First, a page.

Every summer, the Draper Hills Summer Fellows Program brings together international leaders who are pioneering new approaches to advance social and political change in some of the most challenging global contexts. The fellows spend three weeks living and taking classes on the Stanford campus, visiting Silicon Valley tech companies and building a network.
Representing business, government and the nonprofit sector, fellows are working on the frontlines of democratic change to combat the global rise of authoritarianism and populism. The Freeman Spogli Institute for International Studies spoke to five of the fellows about the impact of the Draper Hills program on their work and activism. These are their stories.
Shaili Chopra, India
“I run a platform called SheThePeopleTv. It's a platform for women, and it aims to share news, opinions, data and statistics through a gendered lens. Women are a critical part of democracy — from where I come, in India, we have 600 million women. That's half of the country's population. I think they must also have half of the country’s voice, which they don't.
“I think a big plus of a program like Draper Hills is that when we are all working in the general construct of democracy, we have shared problems, and we also look for shared solutions. It's very empowering to be around people who understand these situations, or have found solutions or overcame them in their countries, or are going through similar problems. You can discuss them and get a sense of solidarity and a sense of empathy.”
Wiem Zarrouk, Tunisia
“I’ve been working for the Tunisian government for three years as an advisor to the Minister of Development, Investment and International Cooperation. I am leading the government reforms to improve Tunisia's ranking in the World Bank Competitiveness Report - Doing Business.
“In Tunisia, we’ve set up most of our democratic institutions, and now we want to improve the business environment to attract more investment in local businesses. Eight years ago, the people went into the streets demanding more jobs. The challenge in Tunisia right now is economic, that’s why economic reforms are important to our government.
“I think the impact of the Draper Hills program will be immediate. I’ve learned a lot here about the link between development and democracies, so it really covers the scope of my work. And it's been great to learn about the theoretical side — the professors are really speaking about things that impact our daily work.”
Ujwal Thapa, Nepal
“Bibeksheel Nepali is basically a political startup. It’s a youth-led movement, and we’re focused on changing the norms and mindsets of the culture in Nepal. We work a lot with citizens to instill the values of transparency, empathy and humility because we think democracy needs to be more emotional instead of just logical. I think liberal democracy needs to be understood more in the context of humanity. So it’s an experiment that we're doing in Nepal.
“When we started with the experiment, we decided not to focus only on the state, but thought about a few more components: one is our citizens, another is the society and the third is the government. Nepal recently came out of a violent civil war, and we just built a new constitution that is much more tolerant. Transparency is another value that we want to instill, because of the long isolationist and autocratic dictatorship that has existed in the past.
“Draper Hills is bringing all of these practitioners together who are experimental and innovative. And the world needs better collaboration from people who really believe in the ideals of the 21st century, which are liberal, democratic and more humanistic. That’s one of the strongest aspects of the Draper Hills program.”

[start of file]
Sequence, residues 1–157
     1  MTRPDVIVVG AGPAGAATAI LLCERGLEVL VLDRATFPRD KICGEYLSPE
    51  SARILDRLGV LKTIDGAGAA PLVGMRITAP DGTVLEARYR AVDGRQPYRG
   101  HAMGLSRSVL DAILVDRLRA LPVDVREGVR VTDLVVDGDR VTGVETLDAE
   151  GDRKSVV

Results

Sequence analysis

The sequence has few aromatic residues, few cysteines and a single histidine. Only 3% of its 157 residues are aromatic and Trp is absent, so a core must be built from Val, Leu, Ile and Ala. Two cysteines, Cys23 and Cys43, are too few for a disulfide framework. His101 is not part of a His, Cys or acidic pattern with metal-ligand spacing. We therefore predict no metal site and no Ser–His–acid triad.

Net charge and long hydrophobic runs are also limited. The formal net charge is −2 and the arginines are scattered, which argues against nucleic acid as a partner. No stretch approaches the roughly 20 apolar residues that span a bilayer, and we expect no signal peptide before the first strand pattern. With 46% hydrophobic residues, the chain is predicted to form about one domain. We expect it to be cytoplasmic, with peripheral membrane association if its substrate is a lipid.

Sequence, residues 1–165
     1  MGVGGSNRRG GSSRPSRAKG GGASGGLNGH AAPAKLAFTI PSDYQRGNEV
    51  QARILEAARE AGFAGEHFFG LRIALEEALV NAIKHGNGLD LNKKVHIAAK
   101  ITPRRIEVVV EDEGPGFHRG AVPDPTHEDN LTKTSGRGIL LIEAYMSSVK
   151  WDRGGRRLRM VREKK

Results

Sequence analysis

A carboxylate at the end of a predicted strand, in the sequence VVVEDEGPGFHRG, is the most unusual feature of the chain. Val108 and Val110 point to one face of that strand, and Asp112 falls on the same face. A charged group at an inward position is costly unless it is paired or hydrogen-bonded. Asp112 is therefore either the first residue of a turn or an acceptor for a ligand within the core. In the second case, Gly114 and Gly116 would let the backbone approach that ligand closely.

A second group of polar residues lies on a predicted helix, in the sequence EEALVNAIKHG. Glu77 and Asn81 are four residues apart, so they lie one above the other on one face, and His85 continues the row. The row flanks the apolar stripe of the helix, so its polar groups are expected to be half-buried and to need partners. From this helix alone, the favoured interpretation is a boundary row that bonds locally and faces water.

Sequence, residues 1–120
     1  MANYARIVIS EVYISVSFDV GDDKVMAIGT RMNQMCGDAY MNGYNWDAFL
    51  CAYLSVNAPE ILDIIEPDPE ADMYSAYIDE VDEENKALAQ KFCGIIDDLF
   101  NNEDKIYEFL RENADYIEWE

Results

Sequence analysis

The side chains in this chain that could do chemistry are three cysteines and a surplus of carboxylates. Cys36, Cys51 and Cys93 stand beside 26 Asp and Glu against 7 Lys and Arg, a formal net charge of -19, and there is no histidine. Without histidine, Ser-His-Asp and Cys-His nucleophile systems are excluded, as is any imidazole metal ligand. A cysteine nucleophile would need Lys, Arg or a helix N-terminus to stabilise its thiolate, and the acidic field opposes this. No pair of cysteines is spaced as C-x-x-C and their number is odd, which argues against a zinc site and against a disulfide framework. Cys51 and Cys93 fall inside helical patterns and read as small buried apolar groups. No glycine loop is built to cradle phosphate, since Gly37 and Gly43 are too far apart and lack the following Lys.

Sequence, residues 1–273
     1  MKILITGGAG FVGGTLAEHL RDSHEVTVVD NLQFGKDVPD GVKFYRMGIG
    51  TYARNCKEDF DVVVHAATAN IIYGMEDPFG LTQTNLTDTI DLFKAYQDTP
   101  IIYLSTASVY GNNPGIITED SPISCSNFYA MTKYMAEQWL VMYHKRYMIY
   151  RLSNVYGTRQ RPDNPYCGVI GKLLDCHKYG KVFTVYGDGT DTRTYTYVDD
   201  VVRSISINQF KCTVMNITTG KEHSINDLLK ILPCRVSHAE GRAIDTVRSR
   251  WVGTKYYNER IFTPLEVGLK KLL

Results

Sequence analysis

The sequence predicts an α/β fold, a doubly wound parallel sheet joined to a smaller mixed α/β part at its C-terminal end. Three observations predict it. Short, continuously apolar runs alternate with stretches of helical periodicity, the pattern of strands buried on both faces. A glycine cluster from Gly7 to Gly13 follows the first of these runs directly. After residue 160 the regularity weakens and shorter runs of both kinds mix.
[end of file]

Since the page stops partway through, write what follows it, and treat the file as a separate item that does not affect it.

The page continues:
N.S. Nappinai, India
“I'm a lawyer — I specialize in cyber laws. My work throughout my career has been focused on ensuring responsible technology and the use of technology to fight crime. Two years ago I was appointed by the Supreme Court of India as Amicus Curiae on a matter related to protecting against the uploading of videos and images of gang rape and child pornography online.
“Some of the social media platforms had very good reporting mechanisms, whereas it was more hidden on other platforms. So we ensured that this issue was brought to the forefront so that people know that these are things that can be reported and some action can be taken. The whole idea was that as long as you identify such content at the earliest possible time, then you help the victim that much more.
“For me, balancing victims' rights with free speech is very important. This was a big dilemma that I faced, in terms of ‘How much of what I am doing is likely to stifle free speech?’ A lot of discussions at Draper Hills have helped formulate and structure my thoughts, and it's very nice to get the perspective from people from 26 other countries.”
Hinda Bouddane, Morocco
“I'm involved in women's empowerment and education for girls in Morocco. And especially for women in rural areas — they are less privileged, and many of them don't know their rights. So my fight through JA Worldwide and my activism is to empower these women and to raise awareness about their rights and the importance of education for girls.
“Education for girls is really important in fighting discrimination against women. Education empowers women to become financially independent, say no to violence, and to get engaged in the public sphere. Through that, women can be a part of the democratic process not only by voting, but also by taking part from within and running for office.
At Draper Hills, we're deepening our knowledge about topics like the rule of law, democracy and human rights, and hearing many different perspectives. And importantly, we are building a great network to connect many intelligent people from around the world, and we will work together to foster democratic values.”